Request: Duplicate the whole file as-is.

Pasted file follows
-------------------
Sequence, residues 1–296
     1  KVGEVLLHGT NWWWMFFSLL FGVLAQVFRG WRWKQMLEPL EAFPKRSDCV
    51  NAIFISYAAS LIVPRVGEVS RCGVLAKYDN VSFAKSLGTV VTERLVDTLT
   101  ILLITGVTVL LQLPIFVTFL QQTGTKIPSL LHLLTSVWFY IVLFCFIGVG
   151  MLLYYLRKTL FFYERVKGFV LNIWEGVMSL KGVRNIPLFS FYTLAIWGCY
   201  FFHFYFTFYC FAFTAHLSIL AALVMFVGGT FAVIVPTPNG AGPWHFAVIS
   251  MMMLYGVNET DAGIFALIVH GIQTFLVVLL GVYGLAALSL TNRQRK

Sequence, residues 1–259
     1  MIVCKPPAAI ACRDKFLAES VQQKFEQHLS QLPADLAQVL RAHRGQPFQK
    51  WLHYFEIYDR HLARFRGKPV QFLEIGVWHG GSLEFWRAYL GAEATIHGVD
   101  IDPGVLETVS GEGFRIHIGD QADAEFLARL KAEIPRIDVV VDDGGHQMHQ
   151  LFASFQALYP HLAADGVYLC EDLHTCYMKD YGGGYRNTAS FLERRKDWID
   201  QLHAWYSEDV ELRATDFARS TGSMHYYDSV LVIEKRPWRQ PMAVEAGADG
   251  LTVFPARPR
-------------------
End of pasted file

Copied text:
Sequence, residues 1–296
     1  KVGEVLLHGT NWWWMFFSLL FGVLAQVFRG WRWKQMLEPL EAFPKRSDCV
    51  NAIFISYAAS LIVPRVGEVS RCGVLAKYDN VSFAKSLGTV VTERLVDTLT
   101  ILLITGVTVL LQLPIFVTFL QQTGTKIPSL LHLLTSVWFY IVLFCFIGVG
   151  MLLYYLRKTL FFYERVKGFV LNIWEGVMSL KGVRNIPLFS FYTLAIWGCY
   201  FFHFYFTFYC FAFTAHLSIL AALVMFVGGT FAVIVPTPNG AGPWHFAVIS
   251  MMMLYGVNET DAGIFALIVH GIQTFLVVLL GVYGLAALSL TNRQRK

Sequence, residues 1–259
     1  MIVCKPPAAI ACRDKFLAES VQQKFEQHLS QLPADLAQVL RAHRGQPFQK
    51  WLHYFEIYDR HLARFRGKPV QFLEIGVWHG GSLEFWRAYL GAEATIHGVD
   101  IDPGVLETVS GEGFRIHIGD QADAEFLARL KAEIPRIDVV VDDGGHQMHQ
   151  LFASFQALYP HLAADGVYLC EDLHTCYMKD YGGGYRNTAS FLERRKDWID
   201  QLHAWYSEDV ELRATDFARS TGSMHYYDSV LVIEKRPWRQ PMAVEAGADG
   251  LTVFPARPR